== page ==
Marcos ill-gotten wealth

Gov’t body okays sale of Marcos jewelry Hawaii collection

Michael Bueza

This is AI generated summarization, which may have errors. For context, always refer to the full article.

Gov’t body okays sale of Marcos jewelry Hawaii collection
The Hawaii collection and two more Marcos jewelry collections are now valued at a conservative estimate of at least P1 billion, says the PCGG

MANILA, Philippines – A government body has approved the sale of a jewelry collection seized from former president Ferdinand Marcos and his wife Imelda when they fled the country after his ouster through a People Power uprising 3 decades ago.

The Privatization Council okayed this week the proposed sale of the Marcos Jewelry Hawaii collection in the international market, the Presidential Commission on Good Government (PCGG) announced in a press release on Friday, February 12. The Department of Finance heads the said inter-agency council.

The Hawaii collection was seized from the Marcoses by the US Bureau of Customs upon their arrival in Hawaii in February 1986 shortly after the conclusion of the People Power Revolt.

“We hope that the Filipino people will finally benefit from the proceeds of the collection. The jewelry confiscated from the Marcoses remain a singular manifestation of the misguided priorities of the Marcos presidency during his reign,” said PCGG Chairman Richard Amurao.  

This set of jewelry and two more Marcos jewelry collections now amount to a conservative estimate of at least P1 billion ($21 million), said the PCGG, following an appraisal done in November 2015.

The appraisal was performed by auction houses Christie’s and Sotheby’s, which reported that the total estimated values of thousands of jewelry pieces in the collections have significantly increased, with some items now estimated to be worth 10 times more compared to previous appraisals. 

Further gemological testing would be conducted on significant items for a more accurate estimate, the PCGG added.

Exhibit planned

The PCGG plans to exhibit part of the collection before the international auction. Amurao said the agency has long been wanting to exhibit the jewelries “to inform the Filipino people of the excesses of the Marcos dictatorship.”

“The collection is a critical part of the past. We believe that the exhibit of these ill-gotten jewels will be a great vehicle to raise awareness, especially for the younger generation and those who have forgotten, to remind the Filipino people of the perils of the two-decade regime of corruption that was under the Marcoses,” added Amurao.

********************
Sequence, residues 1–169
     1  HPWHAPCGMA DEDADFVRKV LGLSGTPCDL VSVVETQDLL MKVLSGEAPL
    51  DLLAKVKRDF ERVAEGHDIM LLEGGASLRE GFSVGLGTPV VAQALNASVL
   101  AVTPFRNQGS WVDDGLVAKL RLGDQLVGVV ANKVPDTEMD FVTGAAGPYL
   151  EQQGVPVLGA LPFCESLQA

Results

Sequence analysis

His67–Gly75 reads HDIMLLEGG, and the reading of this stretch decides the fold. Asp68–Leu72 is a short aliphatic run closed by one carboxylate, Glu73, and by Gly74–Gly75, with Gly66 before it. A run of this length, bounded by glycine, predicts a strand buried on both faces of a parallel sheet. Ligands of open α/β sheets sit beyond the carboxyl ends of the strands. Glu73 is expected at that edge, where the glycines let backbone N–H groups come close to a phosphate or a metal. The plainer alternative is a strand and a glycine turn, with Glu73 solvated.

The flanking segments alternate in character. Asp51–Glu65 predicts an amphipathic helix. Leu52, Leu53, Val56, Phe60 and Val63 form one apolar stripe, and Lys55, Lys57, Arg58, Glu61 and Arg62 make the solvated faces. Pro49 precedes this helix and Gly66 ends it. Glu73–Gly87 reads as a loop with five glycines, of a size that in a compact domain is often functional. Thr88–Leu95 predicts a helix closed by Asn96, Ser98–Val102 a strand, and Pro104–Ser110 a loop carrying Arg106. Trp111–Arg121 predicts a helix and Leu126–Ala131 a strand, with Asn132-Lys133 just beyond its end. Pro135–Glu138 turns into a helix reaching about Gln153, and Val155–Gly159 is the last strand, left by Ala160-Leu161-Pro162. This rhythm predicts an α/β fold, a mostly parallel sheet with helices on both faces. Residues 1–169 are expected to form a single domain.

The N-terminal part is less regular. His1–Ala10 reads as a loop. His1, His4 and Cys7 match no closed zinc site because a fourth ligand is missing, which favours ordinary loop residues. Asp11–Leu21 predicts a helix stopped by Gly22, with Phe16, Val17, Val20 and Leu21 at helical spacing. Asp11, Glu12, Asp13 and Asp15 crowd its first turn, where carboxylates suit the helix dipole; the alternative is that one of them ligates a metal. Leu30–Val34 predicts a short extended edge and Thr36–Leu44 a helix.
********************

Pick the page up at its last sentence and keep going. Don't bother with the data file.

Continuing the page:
All Marcos jewelries are currently stored in a highly-secured vault at the Bangko Sentral ng Pilipinas. These include diamond-studded tiaras and necklaces, high-end wristwatches, and a rare 25-carat pink diamond jewel. 

The Hawaii collection is under the custody of the PCGG, while the other two collections are under the custody of other government agencies. (READ: Imelda’s jewelry collection belongs to gov’t – court)

The Office of the President has custody of the Malacañang collection, abandoned when the Marcoses fled the presidential palace.

The Bureau of Customs, meanwhile, has custody of the Roumeliotes collection, intercepted at what was then the Manila International Airport during an attempt to smuggle it out of the country.

The 3rd collection was named after Greek national Demetriou Roumeliotes, who is said to have links to Imelda Marcos. 

The PCGG also announced that it is set to launch a website to crowdsource tips to find more than 100 missing artworks purchased during the Marcos regime. (RELATED: Marcos central bank governor to testify on ill-gotten paintings)

Through, the PCGG hopes to know the whereabouts of extremely valuable paintings by Vincent Van Gogh, Picasso, Pierre Bonnard, and Michelangelo, among other artists.

PCGG: P14 billion remitted in 2015

The PCGG reported that in 2015, it has remitted a total of P14.02 billion ($295 million) to the Bureau of Treasury. This includes remittances of the rental and sale of various properties, as well as cash remittances and proceeds from dividends and recovered funds.

With this remittance, the PCGG said it had already exceeded its Major Final Output (MFO) target in 2015 by over 3,000%, putting it on track to be named as the “best agency” for the 4th straight year, for turning in the best performance against budget among the attached agencies of the Department of Justice.

Part of these remitted funds had been set aside to fund the Comprehensive Agrarian Reform Program (CARP) as well as the Human Rights Victims Reparation program for victims of human rights violations during the Marcos dictatorship.

The PCGG was created by former president Corazon Aquino via Executive Order No. 1 on February 28, 1986. It was tasked to go after the ill-gotten wealth of the Marcoses, his relatives and his cronies during his two-decade administration.

Since its inception up to 2015, the PCGG has recovered a total of P170.45 billion ($3.59 billion). –

$1 = P47.54

Add a comment

Sort by

There are no comments yet. Add your comment to start the conversation.

Summarize this article with AI
Tie, Accessories, Accessory


Michael Bueza

Michael is a data curator under Rappler's Tech Team. He works on data about elections, governance, and the budget. He also follows the Philippine pro wrestling scene and the WWE. Michael is also part of the Laffler Talk podcast trio.